Territories not likely to get Pfizer vaccine in near future, says Trudeau
Logistical challenges associated with distribution mean it won't be going to the territories any time soon
The territories aren't likely to receive doses of the Pfizer COVID-19 vaccine any time soon.
On Monday, Prime Minister Justin Trudeau said up to 249,000 doses of the two-dose Pfizer vaccine will be available in Canada by the end of this year.
But, he said, the "more significant logistical challenges" associated with distributing the Pfizer vaccine — which Trudeau said must be stored at -80 C — mean it won't be going to northern communities right away.
Pfizer says the vaccine must be stored in a freezer at –80 C to –60 C or in a thermal container at –90 C to –60 C.
He said territorial residents would be among those to be inoculated with the first 3 million doses, which are expected in the beginning of 2021.
"We have worked very closely with the premiers in the northern territories, as well as Indigenous leaders across the country. We know that they are a priority population," said Trudeau. He said the first 3 million doses would be a mix of Pfizer and Moderna vaccines.
Maj.-Gen. Dany Fortin, the military commander who's leading the vaccine distribution effort, said the territories indicated a preference for other vaccine candidates, "because of the complexity associated with distributing the Pfizer vaccine."
"We're very much paying attention to the priorities and making those vaccines available as rapidly as possible once they're approved," he said.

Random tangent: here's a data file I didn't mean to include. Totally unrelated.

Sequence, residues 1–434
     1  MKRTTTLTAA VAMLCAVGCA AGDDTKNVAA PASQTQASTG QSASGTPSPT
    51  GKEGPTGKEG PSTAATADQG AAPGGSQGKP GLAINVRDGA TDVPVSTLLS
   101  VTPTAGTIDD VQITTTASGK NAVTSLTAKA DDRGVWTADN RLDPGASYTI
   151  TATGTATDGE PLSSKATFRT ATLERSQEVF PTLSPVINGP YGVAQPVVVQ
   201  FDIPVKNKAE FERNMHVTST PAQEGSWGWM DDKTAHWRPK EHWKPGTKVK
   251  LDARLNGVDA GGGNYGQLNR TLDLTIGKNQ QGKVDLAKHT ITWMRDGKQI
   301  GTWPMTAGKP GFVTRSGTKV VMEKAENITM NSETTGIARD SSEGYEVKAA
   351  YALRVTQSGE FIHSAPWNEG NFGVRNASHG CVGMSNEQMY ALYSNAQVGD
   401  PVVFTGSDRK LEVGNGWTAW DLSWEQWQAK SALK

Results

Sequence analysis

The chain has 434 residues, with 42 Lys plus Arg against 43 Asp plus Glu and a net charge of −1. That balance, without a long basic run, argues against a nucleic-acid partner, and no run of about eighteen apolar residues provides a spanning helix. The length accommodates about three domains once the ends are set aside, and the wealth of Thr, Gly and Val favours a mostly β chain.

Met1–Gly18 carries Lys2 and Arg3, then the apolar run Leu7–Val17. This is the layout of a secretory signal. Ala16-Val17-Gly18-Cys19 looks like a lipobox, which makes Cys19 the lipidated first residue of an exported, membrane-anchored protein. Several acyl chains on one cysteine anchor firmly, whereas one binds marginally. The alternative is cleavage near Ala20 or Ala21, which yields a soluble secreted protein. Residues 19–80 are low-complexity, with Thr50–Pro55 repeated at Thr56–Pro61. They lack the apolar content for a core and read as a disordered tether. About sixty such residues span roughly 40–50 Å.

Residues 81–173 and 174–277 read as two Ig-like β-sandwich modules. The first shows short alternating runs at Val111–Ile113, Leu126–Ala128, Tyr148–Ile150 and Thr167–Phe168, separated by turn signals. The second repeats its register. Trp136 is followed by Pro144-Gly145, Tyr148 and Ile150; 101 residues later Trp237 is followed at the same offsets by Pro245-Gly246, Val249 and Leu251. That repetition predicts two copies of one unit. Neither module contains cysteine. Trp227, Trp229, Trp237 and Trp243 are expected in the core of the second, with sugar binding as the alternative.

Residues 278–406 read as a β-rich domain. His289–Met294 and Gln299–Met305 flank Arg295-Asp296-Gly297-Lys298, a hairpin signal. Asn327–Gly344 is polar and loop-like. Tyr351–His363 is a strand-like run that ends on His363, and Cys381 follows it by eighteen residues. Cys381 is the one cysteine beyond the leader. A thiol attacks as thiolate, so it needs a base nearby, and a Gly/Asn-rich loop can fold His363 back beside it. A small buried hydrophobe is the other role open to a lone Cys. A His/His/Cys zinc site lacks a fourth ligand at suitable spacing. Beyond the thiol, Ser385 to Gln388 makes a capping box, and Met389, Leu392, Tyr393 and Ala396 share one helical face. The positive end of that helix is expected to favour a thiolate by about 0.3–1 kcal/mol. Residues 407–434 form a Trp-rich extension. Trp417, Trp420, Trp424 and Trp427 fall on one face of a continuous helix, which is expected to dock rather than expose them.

Dr. Michael Patterson, Nunavut's chief public health officer, made similar statements last Friday.
He said Nunavut is more likely to get the Moderna vaccine because the Pfizer vaccine's strict storage and shipping requirements aren't appropriate for remote communities.
He said Nunavut's vaccines would be mostly, if not entirely, from Moderna.
The Northwest Territories Health Department declined to comment, but Health and Social Services Minister Julie Green said on Facebook that the N.W.T. prefers the Moderna vaccine because it's easier to transport and store in northern communities.
Yukon's office of the chief medical officer of health didn't immediately responded to a request for comment.
A spokesperson with the Department of Health and Social Services said the government is planning a COVID-19 mass vaccination clinic located in Whitehorse, with mobile teams fanning out to distribute the vaccine in rural communities.
"Yukon is aligned with other jurisdictions on priority areas, including elderly populations, long-term care residents, front-line healthcare workers, and Indigenous, rural and remote communities," spokesperson Pat Living wrote in an email.
"Once we have more details on vaccine availability, which vaccine we will receive and a national decision on how vaccines will be allocated to the provinces and territories, we will be updating the public."
With files from Chris Windeyer